Johnigan v. State

Annotate this Case

482 S.W.2d 209 (1972)

Wallace Martin JOHNIGAN, Appellant, v. The STATE of Texas, Appellee.

No. 45044.

Court of Criminal Appeals of Texas.

June 7, 1972.

Rehearing Denied July 28, 1972.

*210 Saunders, Caldwell & Schmidt by J. Byron Saunders, Tyler, for appellant.

Curtis L. Owen, Dist. Atty., Tom T. Tatum, Asst. Dist. Atty., Tyler, Jim D. Vollers, State's Atty., and Robert A. Huttash, Asst. State's Atty., Austin, for the State.

OPINION

ROBERTS, Judge.

This is an appeal from a conviction for the offense of assault with intent to murder without malice upon Robert Louis McCloud. Trial was held before a jury, which assessed punishment at confinement for three years.

In his second ground of error, appellant contends that the court erred in allowing the prosecutor to call appellant's wife as a witness at the punishment stage of the trial.

The record reflects that at the hearing on punishment the appellant testified that he did not live at home with his wife and children but that he did support them. The prosecutor then asked for "a moment" and after consulting appellant's wife, Shirley, who had been identified earlier, said: "The State would call Shirley Johnigan." Counsel for both sides then approached the bench and thereafter appellant's wife was not mentioned again. She did not testify and she did not take the stand.

Appellant's wife did not actually testify against him, but appellant contends that the prosecutor's action of conferring with her and then calling her as a witness had the effect of conveying to the jury the impression that she would rebut her husband's testimony if she were allowed to testify.

It is elementary that a wife may not testify against her husband. Art. 38.11, Vernon's Ann.C.C.P., provides in part:

"The husband and wife may, in all criminal actions, be witnesses for each other, but except as hereinafter provided, they shall in no case testify against each other in a criminal prosecution."

The State contends that the action of the prosecutor in calling appellant's wife, if error, was not reversible error because no objection was made at the time and because she did not actually testify against appellant. We disagree.

The disqualification of a spouse as an adverse witness cannot be waived. Rogers v. State, 368 S.W.2d 772 (Tex.Cr. App.1963); Krzesinski v. State, 169 Tex. Cr.R. 178, 333 S.W.2d 149 (1960); Johnson v. State, 95 Tex.Cr.R. 483, 255 S.W. 416 (1923); Eads v. State, 74 Tex.Cr.R. 628, 170 S.W. 145 (1914); Johnson v. State, 66 Tex.Cr.R. 586, 148 S.W. 328 (1912); Brock v. State, 44 Tex.Cr.R. 335, 71 S.W. 20 (1902).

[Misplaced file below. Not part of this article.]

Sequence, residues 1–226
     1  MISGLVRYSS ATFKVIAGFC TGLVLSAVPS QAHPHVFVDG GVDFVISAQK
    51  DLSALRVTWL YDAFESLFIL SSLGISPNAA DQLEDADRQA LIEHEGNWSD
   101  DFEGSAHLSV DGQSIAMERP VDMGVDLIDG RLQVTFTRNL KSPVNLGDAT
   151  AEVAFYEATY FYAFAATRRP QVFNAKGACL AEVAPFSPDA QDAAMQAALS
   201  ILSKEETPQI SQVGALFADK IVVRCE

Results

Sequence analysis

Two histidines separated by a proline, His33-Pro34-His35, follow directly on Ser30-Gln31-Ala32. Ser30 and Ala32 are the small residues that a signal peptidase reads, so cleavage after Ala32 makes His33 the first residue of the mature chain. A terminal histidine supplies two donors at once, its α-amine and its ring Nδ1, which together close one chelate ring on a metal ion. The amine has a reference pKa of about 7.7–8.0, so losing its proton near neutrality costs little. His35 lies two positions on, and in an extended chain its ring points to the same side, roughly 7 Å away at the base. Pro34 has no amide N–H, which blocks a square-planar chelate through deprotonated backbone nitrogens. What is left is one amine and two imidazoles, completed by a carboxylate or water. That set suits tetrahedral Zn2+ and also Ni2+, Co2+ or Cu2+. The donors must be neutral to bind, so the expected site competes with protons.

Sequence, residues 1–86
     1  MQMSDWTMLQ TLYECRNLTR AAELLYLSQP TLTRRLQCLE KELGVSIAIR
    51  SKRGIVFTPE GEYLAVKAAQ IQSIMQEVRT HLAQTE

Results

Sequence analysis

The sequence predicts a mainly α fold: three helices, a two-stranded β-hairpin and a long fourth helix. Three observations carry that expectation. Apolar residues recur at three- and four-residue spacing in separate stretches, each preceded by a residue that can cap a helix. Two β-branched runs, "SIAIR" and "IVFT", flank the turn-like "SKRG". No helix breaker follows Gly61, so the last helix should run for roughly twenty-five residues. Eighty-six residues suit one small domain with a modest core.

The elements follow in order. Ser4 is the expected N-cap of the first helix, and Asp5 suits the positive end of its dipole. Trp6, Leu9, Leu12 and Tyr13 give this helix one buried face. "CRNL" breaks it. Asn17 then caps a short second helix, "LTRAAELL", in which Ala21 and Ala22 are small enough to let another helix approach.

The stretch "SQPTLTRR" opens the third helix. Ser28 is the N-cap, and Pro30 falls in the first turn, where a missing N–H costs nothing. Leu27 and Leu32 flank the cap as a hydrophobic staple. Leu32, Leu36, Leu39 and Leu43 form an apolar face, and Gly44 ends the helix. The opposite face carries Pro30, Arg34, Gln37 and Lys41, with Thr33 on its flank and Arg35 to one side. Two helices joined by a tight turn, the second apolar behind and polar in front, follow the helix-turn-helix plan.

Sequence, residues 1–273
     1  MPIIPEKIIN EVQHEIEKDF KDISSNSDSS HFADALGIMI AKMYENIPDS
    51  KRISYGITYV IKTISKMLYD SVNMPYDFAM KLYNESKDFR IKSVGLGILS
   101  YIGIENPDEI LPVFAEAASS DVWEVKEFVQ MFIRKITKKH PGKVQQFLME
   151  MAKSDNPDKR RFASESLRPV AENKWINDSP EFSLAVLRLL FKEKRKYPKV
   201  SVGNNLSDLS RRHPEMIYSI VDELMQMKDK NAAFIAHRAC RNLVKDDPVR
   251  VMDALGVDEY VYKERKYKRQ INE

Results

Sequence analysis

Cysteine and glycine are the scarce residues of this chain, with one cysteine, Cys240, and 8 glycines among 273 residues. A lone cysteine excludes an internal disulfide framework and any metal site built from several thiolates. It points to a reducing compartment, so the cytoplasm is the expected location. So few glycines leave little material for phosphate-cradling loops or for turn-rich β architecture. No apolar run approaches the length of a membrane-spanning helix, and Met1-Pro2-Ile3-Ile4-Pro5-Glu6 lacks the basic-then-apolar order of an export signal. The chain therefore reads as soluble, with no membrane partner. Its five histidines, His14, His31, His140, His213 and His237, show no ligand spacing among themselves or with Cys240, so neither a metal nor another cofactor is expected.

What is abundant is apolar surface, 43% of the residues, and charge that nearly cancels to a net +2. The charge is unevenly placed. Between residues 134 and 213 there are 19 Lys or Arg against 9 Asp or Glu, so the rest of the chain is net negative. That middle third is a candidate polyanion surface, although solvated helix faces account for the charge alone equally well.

Further, this Court has held that the State commits reversible error by calling the defendant's wife, thereby forcing him to object in the presence of the jury, *211 when such action is done in such a manner as to convey to the jury the impression that the wife, if allowed to testify, would rebut defensive testimony previously given in the case. Wall v. State, 417 S.W.2d 59 (Tex.Cr.App.1967); Hignett v. State, 168 Tex.Cr.R. 380, 328 S.W.2d 300 (1959); Caldwell v. State, 162 Tex.Cr.R. 486, 287 S.W.2d 176 (1956); Lynn v. State, 113 Tex.Cr.R. 637, 21 S.W.2d 1042 (1929); Moore v. State, 45 Tex.Cr.R. 234, 75 S.W. 497 (1903).[1] Therefore, appellant's failure to object cannot constitute a waiver.

The State attempts to distinguish the circumstances of the instant case from these holdings on the ground that appellant was not forced to object in the presence of the jury. We do not feel that this is a realistic distinction. Immediately after the prosecutor conferred with appellant's wife and called her, a conference occurred at the bench, out of the hearing of the jury. Thereafter, appellant's wife did not take the stand. It seems fairly certain that the impression was conveyed to the jury, by the combined effect of the conference with the wife and the subsequent calling, which was not followed by testimony, that the wife's testimony would have been adverse to appellant's testimony which had been heard immediately before.

This Court has held that it is reversible error for the State to show that the defendant's wife is assisting in the prosecution of the case, even though she has not testified. Davis v. State, 160 Tex.Cr.R. 138, 268 S.W.2d 152 (1954); Davis v. State, 140 Tex.Cr.R. 597, 146 S.W.2d 994 (1940). Therefore, we are of the opinion that the fact that appellant was not forced to object in the presence of the jury does not render the error harmless, for it is doubtful that the jury, especially in light of the conference with the wife, received any impression other than that the wife's testimony would have been harmful to appellant and that she was assisting in the prosecution. Therefore, we feel that the State's action constitutes reversible error. In light of our disposition of this ground of error, we need not consider appellant's remaining ground of error.

For the reason stated, the judgment is reversed and the cause remanded.

NOTES

[1] In Clayton v. State, 465 S.W.2d 769 (Tex.Cr.App.1971), it was held that the action of the State in asking that the defendant's wife be sworn, aparently before testimony had been taken in the case, while error, was not reversible error, because the effect of the State's action was not to convey the impression of rebuttal to the jury since no testimony had been taken at that point in the case.